Electronic and Impurity Doping in Colloidal Semiconductor Nanocrystals
Schimpf, Alina M.
MetadataShow full item record
This thesis presents investigations of semiconductor nanocrystals doped with impurity ions, excess charge carriers, or both. The introduction of excess charge carriers into colloidal semiconductor nanocrystals constitutes a longstanding challenge in the development of nanocrystal building blocks for various technologies including solar cells, photovoltaic devices and electroluminescent devices. Chapter 1 discusses methods for electronic doping in semiconductor nanocrystals, focusing on photodoping and aliovent doping strategies. Of the various successful strategies for electronic doping, photodoping is particularly useful as a post-synthetic method for reversible and quantifiable tuning of carrier density. Alternatively, aliovalently doped nanocrystals are attractive due to the great stability of charge carriers. Chapter 2 presents a comparative study of conduction-band electrons in colloidal ZnO nanocrystals added via photodoping or aliovalent doping. The studies show that, although they have very similar spectroscopic properties, the reactivites of the electrons are vastly different, owing to the relative mobilities of their charge-compensating cations. Chapters 3, 4 and 5 present investigations of the ability to add excess electrons to a variety of systems via photodoping. The study in Chapter 3 shows that the maximum number of elecrons that may be added photochemically is dependent on the nanocrystal volume, such that all nanocrystals may be photodoped to the same electron density. Furthermore, the identities of the sacrifical reductant and the charge-compensating cation determine the maximum photodoping density. For the first time, alkyl borohydrides were used as sacrificial reductants to photodope ZnO, leading to much larger carrier densities than previously observed. These findings informed the first demonstration of photodoping in CdE (E= S, Se, Te) nanocrystals, presented in Chapter 4. Chapter 5 presents a combination of photodoping and aliovalent doping in In2O3 nanocrystals to investigate the redox chemistries in In2O3 and ITO nanocrystals. The study shows that all nanocrystals have the same Fermi level, and Sn4+ stabilizes that conduction band to allow accumulation of excess delocalized electrons. Moreover, regardless of Sn4+ doping and therefore of initial carrier density, all nanocrystals have the same number of electrons that may be added photochemically. These results, in conjunction with those presented in Chapters 3 and 4, suggest maximum photodoping density is thermodynamically limited, and is not an intrinsic property of the nanocrystal, nor a result of competition between productive hole-quenching and non-productive Auger recombination in the photoexcited nanocrystals. The ability to reversibly tune the carrier densities in colloidal semiconductor nanocrystals via photodoping allows new photophsyical investigations of electronically doped systems. Chapters 5 and 6 use photodoping to investigate the properties of plasmon resonances in ZnO and In2O3 nanocrystals. Chapter 5 shows that the plasmon energy is affected by both carrier density and Sn4+ doping. Chapter 6 shows that plasmons in ZnO nanocrystals are subject to quantum confinement and therefore may not be understood with a classical Drude picture. The large magnetic exchange interaction between charge carriers and magnetic dopants make diluted magnetic semiconductors (DMSs) particularly attractive for spin-based information processing. Chapter 7 uses pulsed electron paramagnetic resonance (pEPR) spectroscopy to investigate the affect of excess electrons on the Mn2+ spin dynamics in doped ZnO nancorystals, showing that Mn2+ spin relaxation is greatly accelerated by the presence of even one conduction-band electron. Chapter 8 uses pEPR to investigate the intrinsic spin dynamics of Mn2+ in a variety of II-VI colloidal semiconductor nanocrystals. Finally, Chapter 9 shows the ability to tune the effective ¬g value in DMSs at low fields using temperature.¬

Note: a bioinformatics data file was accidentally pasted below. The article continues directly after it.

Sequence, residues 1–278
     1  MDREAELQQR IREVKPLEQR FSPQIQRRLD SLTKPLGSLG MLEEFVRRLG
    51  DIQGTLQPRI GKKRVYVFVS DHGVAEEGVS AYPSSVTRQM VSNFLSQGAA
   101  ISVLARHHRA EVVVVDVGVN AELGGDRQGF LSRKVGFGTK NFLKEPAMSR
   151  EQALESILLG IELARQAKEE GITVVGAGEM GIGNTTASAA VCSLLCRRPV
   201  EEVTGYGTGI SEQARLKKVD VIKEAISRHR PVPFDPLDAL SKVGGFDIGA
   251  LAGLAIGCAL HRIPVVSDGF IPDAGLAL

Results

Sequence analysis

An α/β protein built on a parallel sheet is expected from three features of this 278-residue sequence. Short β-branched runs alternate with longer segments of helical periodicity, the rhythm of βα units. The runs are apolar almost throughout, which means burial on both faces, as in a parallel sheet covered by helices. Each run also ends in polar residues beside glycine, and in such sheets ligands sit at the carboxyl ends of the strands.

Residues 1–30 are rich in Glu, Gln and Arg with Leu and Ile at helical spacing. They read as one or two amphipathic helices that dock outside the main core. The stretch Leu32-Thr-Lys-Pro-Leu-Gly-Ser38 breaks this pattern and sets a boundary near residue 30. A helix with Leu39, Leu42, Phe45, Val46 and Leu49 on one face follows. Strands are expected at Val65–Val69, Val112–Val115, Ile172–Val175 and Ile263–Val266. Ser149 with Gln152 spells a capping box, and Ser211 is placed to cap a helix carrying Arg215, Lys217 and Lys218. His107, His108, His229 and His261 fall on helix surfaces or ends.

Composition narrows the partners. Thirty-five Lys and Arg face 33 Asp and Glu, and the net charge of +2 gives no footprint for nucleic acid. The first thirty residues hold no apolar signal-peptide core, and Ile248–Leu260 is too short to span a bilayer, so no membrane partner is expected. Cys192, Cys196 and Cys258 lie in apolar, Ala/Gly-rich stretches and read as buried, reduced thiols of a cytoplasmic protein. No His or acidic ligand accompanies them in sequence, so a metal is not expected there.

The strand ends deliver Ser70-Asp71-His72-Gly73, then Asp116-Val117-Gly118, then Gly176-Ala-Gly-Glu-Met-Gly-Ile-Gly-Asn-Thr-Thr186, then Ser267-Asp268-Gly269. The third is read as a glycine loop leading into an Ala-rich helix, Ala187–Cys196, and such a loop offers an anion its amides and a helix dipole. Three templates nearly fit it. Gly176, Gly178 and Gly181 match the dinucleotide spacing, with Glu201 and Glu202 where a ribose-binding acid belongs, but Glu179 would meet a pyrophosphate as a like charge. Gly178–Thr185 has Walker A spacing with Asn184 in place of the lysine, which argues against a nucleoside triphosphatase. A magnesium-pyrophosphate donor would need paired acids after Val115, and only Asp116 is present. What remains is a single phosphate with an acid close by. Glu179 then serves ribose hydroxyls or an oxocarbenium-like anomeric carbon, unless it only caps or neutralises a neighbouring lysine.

- Chemistry